Local high school students organize downtown march

Students protest gun violence at March for Our Lives

The event was planned and powered by local students calling for gun legislation reform.
Published: March 24, 2018 | Updated: April 23rd, 2018 at 10:57 am
High school students
Taylor Herne (left) and Lily Byrne were haunted by the messages that their classmates sent when their school went into lockdown. No one was hurt, but the mental scars remain.

Columbine. Sandy Hook. Marjory Stoneman Douglas.

Three schools, three massacres where the majority of victims were kids.

That reality fueled Saturday’s March for Our Lives protests, across the nation and here, in Syracuse, where local high school students planned and led the march. It drew about 1,200 people, including students of all ages.

Aishwarya Varakantam, one of the event’s organizers, is a junior at Christian Brothers Academy in Syracuse. The team who planned the march expected just 300 people.

“We started off really small, just making a Facebook page,” Varakantam said. “After that, when we saw that so many people had an interest, we contacted local organizations, and then we got into contact and we started planning the march.”

Grace Vandermolen, a senior at Jamesville-DeWitt High School, volunteered at a sign-making station before the march. Protest signs can be the most memorable part of a demonstration, she said.

“We’re trying to make it available for anyone who doesn’t have a sign to speak their voice,” Vandermolen said. “I feel like when pictures get captured, I feel like that’s what sticks. I think our voices are important, too, but this can last longer and we can keep it going.”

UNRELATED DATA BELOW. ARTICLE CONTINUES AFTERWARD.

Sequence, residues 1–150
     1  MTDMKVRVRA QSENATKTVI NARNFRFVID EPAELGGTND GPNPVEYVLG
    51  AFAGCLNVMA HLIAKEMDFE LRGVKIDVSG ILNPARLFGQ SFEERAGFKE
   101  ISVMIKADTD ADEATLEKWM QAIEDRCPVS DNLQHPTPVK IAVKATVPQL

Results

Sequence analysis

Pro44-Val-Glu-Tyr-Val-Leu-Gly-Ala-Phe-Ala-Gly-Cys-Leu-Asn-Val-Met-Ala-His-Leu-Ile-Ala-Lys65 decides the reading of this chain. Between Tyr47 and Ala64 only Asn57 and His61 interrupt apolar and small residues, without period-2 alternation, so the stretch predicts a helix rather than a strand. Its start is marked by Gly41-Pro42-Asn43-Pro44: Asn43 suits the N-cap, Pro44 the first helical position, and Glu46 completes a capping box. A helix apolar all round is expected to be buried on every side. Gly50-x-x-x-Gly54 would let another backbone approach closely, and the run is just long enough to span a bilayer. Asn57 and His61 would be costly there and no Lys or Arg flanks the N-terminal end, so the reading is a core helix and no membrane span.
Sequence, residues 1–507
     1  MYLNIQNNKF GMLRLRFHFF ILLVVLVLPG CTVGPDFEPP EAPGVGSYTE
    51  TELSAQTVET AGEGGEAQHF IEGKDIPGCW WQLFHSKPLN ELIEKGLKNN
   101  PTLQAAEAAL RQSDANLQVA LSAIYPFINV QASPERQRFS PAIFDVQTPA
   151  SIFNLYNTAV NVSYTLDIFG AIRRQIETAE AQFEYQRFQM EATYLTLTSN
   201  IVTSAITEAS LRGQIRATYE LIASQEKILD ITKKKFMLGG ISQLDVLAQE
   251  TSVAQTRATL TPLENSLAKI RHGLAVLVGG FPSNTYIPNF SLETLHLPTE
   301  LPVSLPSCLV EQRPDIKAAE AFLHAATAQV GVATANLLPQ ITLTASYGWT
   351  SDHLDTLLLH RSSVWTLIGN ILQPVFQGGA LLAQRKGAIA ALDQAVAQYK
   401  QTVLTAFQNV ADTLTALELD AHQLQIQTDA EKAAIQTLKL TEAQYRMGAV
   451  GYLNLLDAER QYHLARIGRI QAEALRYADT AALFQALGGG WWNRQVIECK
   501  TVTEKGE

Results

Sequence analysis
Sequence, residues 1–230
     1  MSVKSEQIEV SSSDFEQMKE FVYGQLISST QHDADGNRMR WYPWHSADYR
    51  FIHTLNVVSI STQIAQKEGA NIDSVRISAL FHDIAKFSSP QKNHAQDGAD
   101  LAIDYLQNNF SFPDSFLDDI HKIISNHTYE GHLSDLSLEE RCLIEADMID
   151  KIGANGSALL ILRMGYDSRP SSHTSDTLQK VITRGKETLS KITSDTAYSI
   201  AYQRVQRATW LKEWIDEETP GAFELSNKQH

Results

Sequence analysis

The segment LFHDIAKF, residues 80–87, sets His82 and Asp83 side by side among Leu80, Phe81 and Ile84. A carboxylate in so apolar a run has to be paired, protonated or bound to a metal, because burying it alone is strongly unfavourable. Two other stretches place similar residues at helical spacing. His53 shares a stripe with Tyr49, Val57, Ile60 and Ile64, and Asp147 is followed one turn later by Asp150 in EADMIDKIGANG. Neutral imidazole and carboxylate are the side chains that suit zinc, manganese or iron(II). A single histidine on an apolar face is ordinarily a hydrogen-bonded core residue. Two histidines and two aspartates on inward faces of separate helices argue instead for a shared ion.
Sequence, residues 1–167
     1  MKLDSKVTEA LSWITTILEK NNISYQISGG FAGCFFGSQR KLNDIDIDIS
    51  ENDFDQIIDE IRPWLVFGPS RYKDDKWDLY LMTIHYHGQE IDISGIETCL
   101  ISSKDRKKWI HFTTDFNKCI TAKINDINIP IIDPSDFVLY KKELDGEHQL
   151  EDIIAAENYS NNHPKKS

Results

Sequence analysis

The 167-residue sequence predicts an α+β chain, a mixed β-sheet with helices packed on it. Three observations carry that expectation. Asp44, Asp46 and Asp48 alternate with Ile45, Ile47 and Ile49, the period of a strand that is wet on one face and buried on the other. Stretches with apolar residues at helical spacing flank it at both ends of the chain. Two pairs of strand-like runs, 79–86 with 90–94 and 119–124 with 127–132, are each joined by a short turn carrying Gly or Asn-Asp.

Students of all ages participated in the demonstration, including Cy Lurie, Charlie Prior and Amie Harper, fifth graders at Cazenovia Middle School. They said that while they might not be old enough to vote yet, they have a right to be heard.

“We’re the ones that should speak up,” Lurie said. “I don’t think civilians should be armed with assault rifles and I think there should be better background checks. When the Constitution was made, they only had muskets.”

Caleb Porter, a sophomore at Jamesville-DeWitt High School, believes that students must demand reform because they are so often impacted by gun violence.

“I think it’s important that we’re leading the way with making change in this country,” Porter said. “I’m hoping for either John Katko to change his stance on gun legislation or for people to elect someone new, like Dana Balter, who can enact the legislation that will make our schools safer.”

Katko is the Republican congressman representing Syracuse who has taken campaign donations from the NRA and has received an ‘A’ rating from the association. He announced earlier this month that he wants to establish a federal commission to investigate mass shootings. Balter, a visiting professor at the Maxwell School at Syracuse University, will likely be Katko’s Democratic opponent in November.

Taylor Herne and Lily Byrne, two Cayuga County high school students, brought some of the more popular protest signs. Herne’s featured the slogan, “I should be writing my college essay, not my will.” Byrne’s read that assault weapons are easier to buy than Kinder Eggs, which were banned in the United States until 2017.

“We’re out here to try and gain attention to get more reform, because the way that gun laws and gun restrictions are now, anyone can get one,” Herne said. “I think that’s ridiculous.”

Charlie Prior, another fifth-grade student from Cazenovia Middle School, spoke about people who discount the power of students.

“I want things to change,” Prior said. “People notice that even us, the ones they don’t expect to talk, are the ones talking.”

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is a contributor to The NewsHouse at Syracuse University’s S.I. Newhouse School of Public Communications.